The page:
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Pope Urges Youth to Fight Secularization of Europe

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Pope Urges Youth to Fight Secularization of Europe


Pope Urges Youth to Fight Secularization of Europe

Pope Urges Youth to Fight Secularization of Europe

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  • <iframe src="" width="100%" height="290" frameborder="0" scrolling="no" title="NPR embedded audio player">
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Pope Benedict returns to Rome after leading celebrations that marked World Youth Day. He celebrated mass in Germany, his homeland, in front of thousands of people from all over the world.


Pope Benedict XVI has finished his first trip abroad as pope. It was also his first trip home to his native Germany. At World Youth Day in Cologne, the pope told hundreds of thousands pilgrims to follow all the church's doctrine, not just the parts they like. NPR's Sylvia Poggioli reports from Cologne.


The papal visit was a study in contrast as a 78-year-old German intellectual and theologian turned pope was given the megastar treatment. Wearing a gold miter for the final Mass, Benedict stood at the altar high above the crowd, and unlike his predecessor John Paul II, Benedict was never seen tapping his feet or swaying to the music.

(Soundbite of music)

Singers: (Singing in foreign language)

POGGIOLI: Lifting his index finger to his lips to silence the exuberant youngsters, Benedict delivered his homily in German, English, French and Italian. Without ever mentioning sexual ethics explicitly, it often sounded like a stern wake-up call for a rudderless generation.

Pope BENEDICT XVI: That freedom is not simply about ensuring life and total autonomy but rather about living by the measure of truth and goodness so that we ourselves can become true and good.

POGGIOLI: Switching to Italian, the pope lamented that in vast areas of the world today, there's a strange forgetfulness of God coupled with a new explosion of religion.

Pope BENEDICT XVI: (Through Translator) Religion constructed on a do-it-yourself basis cannot ultimately help us. It may be comfortable, but at times of crisis, we're left to ourselves.

POGGIOLI: The pope urged young Catholics to study, to take time to regularly attend Mass and to form faith-based communities. The crowd of pilgrims, many of whom had camped out all night on the field waiting for the Mass, came from all over the world. Rebecca Diaz(ph) came all the way from Mexico.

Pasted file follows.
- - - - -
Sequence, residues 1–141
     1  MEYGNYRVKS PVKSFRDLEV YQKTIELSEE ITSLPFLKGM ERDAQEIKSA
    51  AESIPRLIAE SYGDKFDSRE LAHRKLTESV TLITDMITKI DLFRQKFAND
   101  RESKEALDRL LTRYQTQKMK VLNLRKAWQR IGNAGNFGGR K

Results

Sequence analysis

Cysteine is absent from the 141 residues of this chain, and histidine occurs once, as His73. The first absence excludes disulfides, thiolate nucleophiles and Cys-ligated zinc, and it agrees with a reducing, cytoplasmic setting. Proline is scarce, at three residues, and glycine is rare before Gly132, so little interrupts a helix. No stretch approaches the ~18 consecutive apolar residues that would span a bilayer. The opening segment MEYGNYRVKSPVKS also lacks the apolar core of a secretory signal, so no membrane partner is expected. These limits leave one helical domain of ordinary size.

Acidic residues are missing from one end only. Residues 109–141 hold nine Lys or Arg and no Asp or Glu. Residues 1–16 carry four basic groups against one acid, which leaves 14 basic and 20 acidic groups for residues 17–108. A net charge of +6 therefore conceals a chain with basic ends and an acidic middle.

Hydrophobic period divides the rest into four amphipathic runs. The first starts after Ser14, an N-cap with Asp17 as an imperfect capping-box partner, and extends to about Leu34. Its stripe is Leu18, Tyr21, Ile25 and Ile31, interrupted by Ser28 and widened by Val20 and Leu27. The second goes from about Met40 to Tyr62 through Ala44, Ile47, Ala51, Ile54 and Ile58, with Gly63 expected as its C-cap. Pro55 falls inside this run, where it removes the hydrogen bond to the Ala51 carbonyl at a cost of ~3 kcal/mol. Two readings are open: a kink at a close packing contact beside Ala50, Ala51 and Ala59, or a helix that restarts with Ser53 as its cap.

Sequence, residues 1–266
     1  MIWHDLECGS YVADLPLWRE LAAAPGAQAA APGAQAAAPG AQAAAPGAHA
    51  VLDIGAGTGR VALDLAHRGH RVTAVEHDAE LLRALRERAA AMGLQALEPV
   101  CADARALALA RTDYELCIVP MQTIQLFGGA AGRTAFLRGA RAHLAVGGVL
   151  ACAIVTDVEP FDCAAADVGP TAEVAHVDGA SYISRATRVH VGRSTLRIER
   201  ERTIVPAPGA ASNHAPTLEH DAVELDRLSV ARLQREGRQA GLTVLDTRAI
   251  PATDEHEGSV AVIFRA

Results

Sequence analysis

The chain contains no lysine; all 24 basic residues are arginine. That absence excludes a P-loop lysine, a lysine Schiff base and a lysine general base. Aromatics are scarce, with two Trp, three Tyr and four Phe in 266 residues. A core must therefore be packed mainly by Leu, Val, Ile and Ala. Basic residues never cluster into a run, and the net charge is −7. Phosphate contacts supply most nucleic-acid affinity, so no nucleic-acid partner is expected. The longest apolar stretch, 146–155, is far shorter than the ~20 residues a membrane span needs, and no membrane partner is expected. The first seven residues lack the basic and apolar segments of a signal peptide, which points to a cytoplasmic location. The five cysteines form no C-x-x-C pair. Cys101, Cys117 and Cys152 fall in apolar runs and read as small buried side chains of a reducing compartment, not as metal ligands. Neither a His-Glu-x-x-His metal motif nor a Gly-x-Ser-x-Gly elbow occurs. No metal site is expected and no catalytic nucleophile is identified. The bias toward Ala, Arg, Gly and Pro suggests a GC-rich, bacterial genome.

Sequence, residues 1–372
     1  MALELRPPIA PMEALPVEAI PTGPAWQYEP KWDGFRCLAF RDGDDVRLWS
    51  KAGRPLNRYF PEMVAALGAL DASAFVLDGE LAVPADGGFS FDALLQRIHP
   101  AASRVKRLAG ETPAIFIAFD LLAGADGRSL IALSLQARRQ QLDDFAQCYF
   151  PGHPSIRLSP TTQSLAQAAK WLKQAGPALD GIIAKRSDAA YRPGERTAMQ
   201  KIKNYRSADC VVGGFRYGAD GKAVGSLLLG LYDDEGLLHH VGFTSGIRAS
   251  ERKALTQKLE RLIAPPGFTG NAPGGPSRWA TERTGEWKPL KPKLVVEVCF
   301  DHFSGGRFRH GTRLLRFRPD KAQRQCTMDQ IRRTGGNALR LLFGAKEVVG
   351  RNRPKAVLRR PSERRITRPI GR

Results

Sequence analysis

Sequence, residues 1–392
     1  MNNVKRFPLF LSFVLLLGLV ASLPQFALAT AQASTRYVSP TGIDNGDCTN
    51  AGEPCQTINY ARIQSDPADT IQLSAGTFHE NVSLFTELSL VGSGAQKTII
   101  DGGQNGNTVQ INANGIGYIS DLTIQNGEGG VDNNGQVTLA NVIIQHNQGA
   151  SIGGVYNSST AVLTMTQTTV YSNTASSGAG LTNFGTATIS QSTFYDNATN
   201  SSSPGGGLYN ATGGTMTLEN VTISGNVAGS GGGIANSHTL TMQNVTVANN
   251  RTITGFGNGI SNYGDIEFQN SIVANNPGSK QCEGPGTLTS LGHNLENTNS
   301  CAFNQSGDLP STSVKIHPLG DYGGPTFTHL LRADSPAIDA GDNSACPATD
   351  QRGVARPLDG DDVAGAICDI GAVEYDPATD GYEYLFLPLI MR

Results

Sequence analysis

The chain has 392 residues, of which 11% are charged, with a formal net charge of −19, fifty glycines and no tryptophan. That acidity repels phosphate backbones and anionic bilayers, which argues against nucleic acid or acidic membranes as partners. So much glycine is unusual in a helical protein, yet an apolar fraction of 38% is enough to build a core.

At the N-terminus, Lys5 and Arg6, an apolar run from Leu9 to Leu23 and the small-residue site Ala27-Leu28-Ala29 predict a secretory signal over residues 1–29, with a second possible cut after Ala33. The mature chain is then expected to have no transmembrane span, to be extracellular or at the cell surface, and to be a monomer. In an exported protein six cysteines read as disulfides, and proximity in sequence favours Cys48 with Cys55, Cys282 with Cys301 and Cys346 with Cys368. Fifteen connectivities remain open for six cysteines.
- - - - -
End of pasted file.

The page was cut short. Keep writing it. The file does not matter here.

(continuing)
Ms. REBECCA DIAZ: I was excited when I saw him. I was waiting for him, like, for hours, and I thought it's worth it.

POGGIOLI: Some like Juan Rivera from California had come here to hear a special message.

Mr. JUAN RIVERA: Words to inspire the youth, words to touch us and help us in our daily life and our personal life and what we need to do to continue God's way, you know.

POGGIOLI: But Claudia Schultz(ph) from Germany came here for a different reason.

Ms. CLAUDIA SCHULTZ: I met many people, so I love it here, but that religious point is not my type.

POGGIOLI: The four-day event attacked hundreds of thousands of young people, including Catholics critical of many of the positions of the Catholic Church.

Mr. TOBIAS RASCHKE: Young people are looking for community, for spirituality, but the Catholic Church is not offering that.

POGGIOLI: Tobias Raschke helped organize an alternative World Youth event with discussion groups and distribution of leaflets urging the lifting of the Catholic Church ban on condoms to help combat the spread of HIV and AIDS.

Mr. RASCHKE: If they really want to change, they need to be really serious about the problems of young people, which means changing the attitude on sexuality, integrating half the world's population which are women into the Catholic Church, to really get a better idea of what families are, what children are and all these things. The pope, the bishops, they have no idea of these things whatsoever.

POGGIOLI: Before his departure, Benedict told German bishops that secularism and de-Christianization continue to advance and that the influence of Catholic ethics and morals is in constant decline. He told the bishops they're in mission territory and must seek the best way to pass on the faith to future generations.

Sylvia Poggioli, NPR News, Cologne.

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